In addition to his work as an architect, Johns has worked as a design critic, studio instructor and adjunct professor of architecture in a number of Canadian and American universities. He has also served on many design award juries across the country, including the Canada Council and the Prix de Rome.

As a teacher and a practitioner, Johns has championed the cause of sustainable design and sustainable communities, has written on the subject of sustainability and has completed several LEED Gold projects. Johns was co-founder of the Innovative Practice Group in Architecture (IPGA) at the Faculty of Environmental Design at the University of Calgary. This Group, located in Edmonton, provided satellite studios for students in the graduate school of architecture, delivering the professional practice stream of the curriculum in ‘block weeks’ each semester, through a series of teaching offices.  He was Adjunct Associate Professor of Architecture and a member of the Faculty at the School for over ten years, specializing in sustainable design.

Johns has also been active in civic and professional affairs. He was a previous President of the Canadian Architectural Certification Board (CACB) in Ottawa after serving on its board for seven years and a long-term board member and past president of the Fort Edmonton Historical Foundation. He serves as the Director of Practice of the Alberta Association of Architects.

He worked with Athabasca University and the RAIC (Architecture Canada) for ten years to found the new RAIC Centre of Architecture at Athabasca University. This new online education degree curriculum in architecture (that renews the former RAIC Syllabus program of work/study) is the first of its kind to offer an alternative path to licensure as an architect, using a combination of academic programs delivered over the internet as well as a combination of traditional and virtual design studios that meet the Canadian education standard for architectural studies.

Barry Johns is a Fellow of the Royal Architectural Institute of Canada, an Honorary Fellow of the American Institute of Architects, a Member of the Royal Canadian Academy of the Arts, a charter member of the Royal Institute of British Architects, a LEED Accredited Professional and a member of the Order of Athabasca. TUNS Press (now Dalhousie Architectural Press) published an early monograph on his firm in July, 2000.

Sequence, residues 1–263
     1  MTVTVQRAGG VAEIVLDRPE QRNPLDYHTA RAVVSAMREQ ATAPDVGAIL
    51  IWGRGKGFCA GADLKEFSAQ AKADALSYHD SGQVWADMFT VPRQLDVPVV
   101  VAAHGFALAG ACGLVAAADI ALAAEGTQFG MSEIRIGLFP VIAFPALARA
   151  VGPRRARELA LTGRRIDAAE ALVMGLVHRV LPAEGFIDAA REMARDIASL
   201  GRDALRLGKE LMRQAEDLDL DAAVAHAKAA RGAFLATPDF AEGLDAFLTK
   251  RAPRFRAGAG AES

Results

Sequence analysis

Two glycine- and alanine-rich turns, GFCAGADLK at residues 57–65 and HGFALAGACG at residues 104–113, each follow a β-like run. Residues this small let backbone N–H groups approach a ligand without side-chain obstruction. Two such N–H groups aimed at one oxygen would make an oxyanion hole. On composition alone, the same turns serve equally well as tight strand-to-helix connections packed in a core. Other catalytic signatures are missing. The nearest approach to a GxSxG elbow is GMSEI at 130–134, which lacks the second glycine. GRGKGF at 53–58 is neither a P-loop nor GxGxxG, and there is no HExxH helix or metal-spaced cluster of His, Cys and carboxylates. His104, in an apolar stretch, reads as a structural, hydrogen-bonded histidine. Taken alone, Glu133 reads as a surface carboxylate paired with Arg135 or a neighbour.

Awards and accomplishments

Barry Johns has received more than one hundred design awards, including the Governor General’s Award for Architecture, and is one of only three Canadian architects to be awarded an Olympic Gold Medal for the Arts.

He is currently serving his second three-year term as Chancellor of the College of Fellows of the Royal Architectural Institute of Canada.

Early influence

Barry has never failed to recognize his architecture education as being at the root of his success. It was the professors he met at TUNS, specifically Anthony Jackson and Peter Jacobs, who would most influence his philosophy and career path. “Jackson was a theorist, historian and critic. He challenged students all the time – he taught and cajoled us to think. Jacobs showed me the connection between landscape and architecture, and how design could treat ecology in harmony. These important influences have committed me to an entire career search for authenticity and environmental stewardship. I’m forever in their debt.”

Giving back

He has shown his appreciation to his alma mater, now Dalhousie, for many years through the support of a design scholarship and, with his wife, Margo, a family bursary to support Dalhousie architecture students who both excel and are in need of financial assistance.

This isn’t the only way Johns gives back to his community. He has set his sights on regeneration – designing a public building that would produce more energy than it consumes. “I’ve always believed in treading lightly on the earth,” says Johns. “Buildings account for 50% of all energy used through their construction and lifecycle. There’s a litany of criteria we can use to make buildings a lot more efficient, from energy smart appliances to proper envelope construction and breakthroughs in renewable energy systems such as solar and geothermal.” More than that, Johns would like to see his profession step up its efforts to save and beautify the built environment. Through his role as an educator, advocate and creator of transformative work, he hopes to further advance that philosophy. “I believe it’s time we claimed our place as stewards of this planet that is so fragile. We need holistic thinking and architects to champion doing the right thing when it comes to the making of public policy, buildings and cities. It is an exciting time for the next generation, therefore both practice and education remain a commitment for me.”